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If you are approaching a second marriage, you probably have a lot on your mind. One major consideration, especially if you have children from a previous marriage, involves estate planning. Second marriages can complicate the estate planning process and may even impact your children’s inheritances if you do not take the correct actions. Here are a few factors to consider when it comes to estate planning and second marriages. 

Assets & properties may not pass down to your heirs 

Very few people think about their demise when getting married, but it is worth entertaining these issues before actually tying the knot. For example, if you own a property that you plan on leaving to your kids after you die, the matter could be complicated by a new marriage. Your new spouse will have a say in what happens to the property after you are gone without the right alterations to your estate plan. If he or she intends on staying or chooses to sell the home, children from a previous marriage will be left without many options.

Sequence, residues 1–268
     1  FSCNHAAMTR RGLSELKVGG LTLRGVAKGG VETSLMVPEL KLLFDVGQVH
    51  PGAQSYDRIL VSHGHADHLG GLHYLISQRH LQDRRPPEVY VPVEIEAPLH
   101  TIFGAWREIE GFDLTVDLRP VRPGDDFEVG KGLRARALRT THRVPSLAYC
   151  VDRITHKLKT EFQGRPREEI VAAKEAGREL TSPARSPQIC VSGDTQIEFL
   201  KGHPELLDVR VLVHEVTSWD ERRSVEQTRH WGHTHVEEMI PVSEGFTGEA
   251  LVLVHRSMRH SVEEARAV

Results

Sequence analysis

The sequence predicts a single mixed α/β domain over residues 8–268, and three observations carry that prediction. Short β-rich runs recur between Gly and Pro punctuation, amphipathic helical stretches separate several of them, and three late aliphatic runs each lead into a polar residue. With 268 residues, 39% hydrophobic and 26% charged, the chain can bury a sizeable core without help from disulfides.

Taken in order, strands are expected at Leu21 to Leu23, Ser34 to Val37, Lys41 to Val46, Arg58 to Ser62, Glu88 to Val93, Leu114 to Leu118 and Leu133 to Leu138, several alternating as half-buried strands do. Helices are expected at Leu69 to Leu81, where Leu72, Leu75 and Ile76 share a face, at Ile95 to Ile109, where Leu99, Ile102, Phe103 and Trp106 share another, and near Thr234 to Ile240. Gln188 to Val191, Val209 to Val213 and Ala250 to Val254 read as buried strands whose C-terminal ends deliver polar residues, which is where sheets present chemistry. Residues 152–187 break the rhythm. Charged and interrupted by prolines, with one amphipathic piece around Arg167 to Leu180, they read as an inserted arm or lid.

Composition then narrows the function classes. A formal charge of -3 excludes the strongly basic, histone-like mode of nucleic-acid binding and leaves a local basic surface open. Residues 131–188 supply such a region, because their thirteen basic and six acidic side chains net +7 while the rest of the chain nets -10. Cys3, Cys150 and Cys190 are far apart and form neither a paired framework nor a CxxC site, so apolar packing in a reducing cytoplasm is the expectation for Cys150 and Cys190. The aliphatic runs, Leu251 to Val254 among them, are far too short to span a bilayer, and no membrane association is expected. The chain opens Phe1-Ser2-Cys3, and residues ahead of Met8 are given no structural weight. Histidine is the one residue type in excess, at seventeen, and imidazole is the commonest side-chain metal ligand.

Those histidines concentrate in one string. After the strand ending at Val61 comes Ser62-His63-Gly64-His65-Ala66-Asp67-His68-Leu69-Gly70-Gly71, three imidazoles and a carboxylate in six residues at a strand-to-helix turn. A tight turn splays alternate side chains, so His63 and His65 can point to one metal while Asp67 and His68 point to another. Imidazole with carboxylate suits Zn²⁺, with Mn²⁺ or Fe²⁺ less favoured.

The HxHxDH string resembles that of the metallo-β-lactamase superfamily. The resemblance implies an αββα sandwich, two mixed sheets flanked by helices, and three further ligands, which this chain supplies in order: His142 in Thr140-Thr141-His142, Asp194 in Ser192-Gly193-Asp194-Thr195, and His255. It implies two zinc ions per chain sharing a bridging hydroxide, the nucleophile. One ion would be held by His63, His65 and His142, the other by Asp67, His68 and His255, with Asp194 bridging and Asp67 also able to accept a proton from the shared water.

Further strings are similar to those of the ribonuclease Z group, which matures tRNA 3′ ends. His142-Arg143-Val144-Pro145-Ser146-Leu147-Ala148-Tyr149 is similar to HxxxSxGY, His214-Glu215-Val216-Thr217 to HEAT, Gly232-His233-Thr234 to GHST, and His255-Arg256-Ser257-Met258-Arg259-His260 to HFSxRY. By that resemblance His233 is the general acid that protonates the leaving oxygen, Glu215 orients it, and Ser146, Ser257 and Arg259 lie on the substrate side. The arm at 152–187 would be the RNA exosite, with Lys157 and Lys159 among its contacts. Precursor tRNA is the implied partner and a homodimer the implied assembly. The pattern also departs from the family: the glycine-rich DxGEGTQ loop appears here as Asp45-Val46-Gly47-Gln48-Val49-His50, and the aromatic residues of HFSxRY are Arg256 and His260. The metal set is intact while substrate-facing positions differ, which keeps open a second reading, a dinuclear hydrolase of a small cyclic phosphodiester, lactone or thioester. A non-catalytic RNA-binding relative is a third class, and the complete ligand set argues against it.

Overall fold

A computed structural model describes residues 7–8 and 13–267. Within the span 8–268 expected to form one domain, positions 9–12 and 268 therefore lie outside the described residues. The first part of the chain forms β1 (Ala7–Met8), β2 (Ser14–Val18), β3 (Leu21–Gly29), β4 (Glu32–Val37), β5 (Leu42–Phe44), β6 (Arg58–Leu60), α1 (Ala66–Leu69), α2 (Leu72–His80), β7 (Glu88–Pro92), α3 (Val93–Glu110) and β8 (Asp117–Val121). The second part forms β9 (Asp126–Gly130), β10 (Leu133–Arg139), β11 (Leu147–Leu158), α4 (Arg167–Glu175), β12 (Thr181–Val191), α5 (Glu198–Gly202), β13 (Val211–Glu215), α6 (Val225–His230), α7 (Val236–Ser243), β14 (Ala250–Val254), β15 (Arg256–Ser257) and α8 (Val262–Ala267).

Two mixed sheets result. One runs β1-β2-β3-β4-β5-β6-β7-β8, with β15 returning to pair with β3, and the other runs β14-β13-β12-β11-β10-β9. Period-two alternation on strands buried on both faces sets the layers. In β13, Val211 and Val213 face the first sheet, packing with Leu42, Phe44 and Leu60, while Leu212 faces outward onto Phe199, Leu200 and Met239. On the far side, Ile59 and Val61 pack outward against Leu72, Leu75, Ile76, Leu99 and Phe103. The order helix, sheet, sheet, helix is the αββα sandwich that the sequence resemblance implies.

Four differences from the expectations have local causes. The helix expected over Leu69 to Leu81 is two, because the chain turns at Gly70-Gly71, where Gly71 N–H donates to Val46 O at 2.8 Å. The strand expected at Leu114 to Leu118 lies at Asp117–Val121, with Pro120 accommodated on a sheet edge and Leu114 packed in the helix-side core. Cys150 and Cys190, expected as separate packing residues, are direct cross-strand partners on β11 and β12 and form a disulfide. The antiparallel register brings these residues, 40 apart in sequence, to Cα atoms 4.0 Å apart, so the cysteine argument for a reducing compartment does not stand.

The same issues can arise with jointly-owned assets. Consider this: you and your new spouse own assets jointly, which you plan on leaving all or a portion of to your kids after your death, and your new spouse decides to retain those assets after you are gone. Because assets are owned jointly (which is the case when you place individually owned assets into a joint account), your new spouse has the ultimate say in how they are used and dispersed. 

Trusts can address many of these issues  

Revisiting your estate plan is recommended after any significant life changes, whether that is marriage, divorce, or the birth of a new child. The good news is there is a relatively simple fix for common estate planning issues that arise during second marriages. Establishing a trust for your heirs ensures that any children from previous relationships can receive their inheritances as you intend. Placing certain assets or property into a trust, and designating specific rules for how those assets are to be distributed upon your passing, prevents questions or confusion after you are gone.